258 results

  • Type is exactly "article"
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A peace statement, edited for space by John Gavit.
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Wallace provides an overview of his plan for compulsory world peace.
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Addams discusses the perils that face immigrant women and the need for protections.
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The second in a four-part series arguing for woman suffrage.
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Addams argues for woman suffrage claiming that women need to protect their legal rights.
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A short article praising Woodberry's writing and his entry into the the Academicians' Department of Literature.
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The Mirror criticizes Addams for her recent appearance at the Majestic Theatre, questioning whether she was paid and the probity of the appearance.
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The Mirror publishes Addams' letter of May 4 and criticizes Addams support for censoring motion pictures.
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A portion of Addams' speech from the Second Annual Peace Conference on May 4, 1909 about what women have done that have earned them suffrage.
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Addams urges the belligerent nations at war to call a ceasefire in honor of Christmas.
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Addams speaks about women college graduates and their role in public reform.
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Addams discusses how older women can contribute to society in beneficial ways by providing examples. The article was published in the Ladies' Home Journal.
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Passages taken from Addams book "Newer Ideas of Peace," in which she argues against war on the grounds that it is something that is beneath the ideas of modern man, something not to be admired, and a waste of time and energy.
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Addams remarks at the turn out of women voters in almost every ward in Chicago that came out to vote.
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Addams replies to anti-suffragists about the percentage of women voters.
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Addams endorses Harriet Vittum, who campaigned for the Board of Aldermans in the Seventeenth ward of Chicago.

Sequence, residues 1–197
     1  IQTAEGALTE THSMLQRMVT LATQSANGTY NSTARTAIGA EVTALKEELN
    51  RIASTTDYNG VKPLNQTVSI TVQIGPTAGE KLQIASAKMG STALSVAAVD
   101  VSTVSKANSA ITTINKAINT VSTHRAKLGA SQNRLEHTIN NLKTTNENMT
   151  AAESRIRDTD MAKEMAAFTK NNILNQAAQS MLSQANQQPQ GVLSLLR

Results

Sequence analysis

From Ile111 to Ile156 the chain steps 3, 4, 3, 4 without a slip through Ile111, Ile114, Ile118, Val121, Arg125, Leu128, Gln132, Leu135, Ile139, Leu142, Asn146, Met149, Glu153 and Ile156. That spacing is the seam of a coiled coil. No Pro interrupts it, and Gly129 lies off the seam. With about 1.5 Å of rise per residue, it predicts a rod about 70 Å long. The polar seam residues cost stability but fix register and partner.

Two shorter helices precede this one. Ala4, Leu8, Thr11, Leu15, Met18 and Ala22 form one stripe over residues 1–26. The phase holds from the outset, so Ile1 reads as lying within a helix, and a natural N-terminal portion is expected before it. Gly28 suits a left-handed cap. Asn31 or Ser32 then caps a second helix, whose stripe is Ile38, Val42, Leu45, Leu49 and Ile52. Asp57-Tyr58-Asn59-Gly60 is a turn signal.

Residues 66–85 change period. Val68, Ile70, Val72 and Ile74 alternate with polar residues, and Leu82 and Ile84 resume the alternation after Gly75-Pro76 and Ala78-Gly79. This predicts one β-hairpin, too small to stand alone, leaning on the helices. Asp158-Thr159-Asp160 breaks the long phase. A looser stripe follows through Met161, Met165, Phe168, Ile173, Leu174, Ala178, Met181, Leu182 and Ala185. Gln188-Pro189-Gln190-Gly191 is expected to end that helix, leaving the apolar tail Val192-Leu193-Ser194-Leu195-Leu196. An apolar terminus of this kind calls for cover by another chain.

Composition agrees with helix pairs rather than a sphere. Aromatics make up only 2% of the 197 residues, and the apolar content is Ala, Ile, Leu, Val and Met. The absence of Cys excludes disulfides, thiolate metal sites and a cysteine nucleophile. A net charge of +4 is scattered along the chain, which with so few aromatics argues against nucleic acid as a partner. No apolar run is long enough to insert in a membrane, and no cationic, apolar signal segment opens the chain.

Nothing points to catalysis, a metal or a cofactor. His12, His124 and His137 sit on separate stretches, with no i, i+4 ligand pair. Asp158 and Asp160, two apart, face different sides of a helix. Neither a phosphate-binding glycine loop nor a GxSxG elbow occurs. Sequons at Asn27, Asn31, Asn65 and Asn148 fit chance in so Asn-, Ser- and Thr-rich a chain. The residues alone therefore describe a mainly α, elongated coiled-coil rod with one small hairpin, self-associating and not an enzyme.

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Addams speaks at the National Convention of Women about the benefits of suffrage for women in America.
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Addams argues that there needs to be more recreation for boys to keep them away from vice.
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Addams recounts a story depicted in a children's play at Hull-House, which she offers as an allegory about the importance of women in society.
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Addams, compares ideas of religion in the past and present and discusses ideas on morality and the human condition.
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Addams advocates for the education of young children alongside Young in the form of vocational training.
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Addams, comparing past and present ideas of religion, discuses ideas on morality and the human condition.
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A newspaper report of Addams' speech before the Civic and Commerce Association in which she discusses the benefits of social centers.
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Addams argues that if children have a chance to play outside they are less likely to become criminals.
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Addams discusses the problem of juvenile delinquency.
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Addams argues that American women are behind their European peers with regard to individual rights.
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Addams discusses the benefits of suffrage and how the vote will benefit immigrant women living in tenement houses. This lecture was made before the Ethical Culture Society at New Century Hall in Philadelphia on March 14, 1908 and published later.
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Addams is one of the signers of a leaflet, arguing against the enlargement of the U.S. Navy. Shortened versions of this leaflet were also published in newspapers.
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Addams describes the Progressive Party's pledge to support new immigrants by creating protection for industrial laborers. This is a flyer version of an article put out by the Progressive Party.
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